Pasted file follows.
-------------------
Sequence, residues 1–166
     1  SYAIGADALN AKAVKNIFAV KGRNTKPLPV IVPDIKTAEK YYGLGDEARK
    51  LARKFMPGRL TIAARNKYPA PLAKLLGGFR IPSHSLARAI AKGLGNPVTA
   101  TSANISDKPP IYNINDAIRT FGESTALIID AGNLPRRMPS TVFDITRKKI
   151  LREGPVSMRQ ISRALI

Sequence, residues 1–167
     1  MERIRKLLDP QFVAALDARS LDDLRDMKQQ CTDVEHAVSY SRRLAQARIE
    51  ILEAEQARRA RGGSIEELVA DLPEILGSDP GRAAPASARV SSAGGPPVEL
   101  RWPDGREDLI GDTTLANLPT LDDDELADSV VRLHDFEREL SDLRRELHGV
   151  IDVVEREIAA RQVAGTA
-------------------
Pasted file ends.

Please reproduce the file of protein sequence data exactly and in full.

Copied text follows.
Sequence, residues 1–166
     1  SYAIGADALN AKAVKNIFAV KGRNTKPLPV IVPDIKTAEK YYGLGDEARK
    51  LARKFMPGRL TIAARNKYPA PLAKLLGGFR IPSHSLARAI AKGLGNPVTA
   101  TSANISDKPP IYNINDAIRT FGESTALIID AGNLPRRMPS TVFDITRKKI
   151  LREGPVSMRQ ISRALI

Sequence, residues 1–167
     1  MERIRKLLDP QFVAALDARS LDDLRDMKQQ CTDVEHAVSY SRRLAQARIE
    51  ILEAEQARRA RGGSIEELVA DLPEILGSDP GRAAPASARV SSAGGPPVEL
   101  RWPDGREDLI GDTTLANLPT LDDDELADSV VRLHDFEREL SDLRRELHGV
   151  IDVVEREIAA RQVAGTA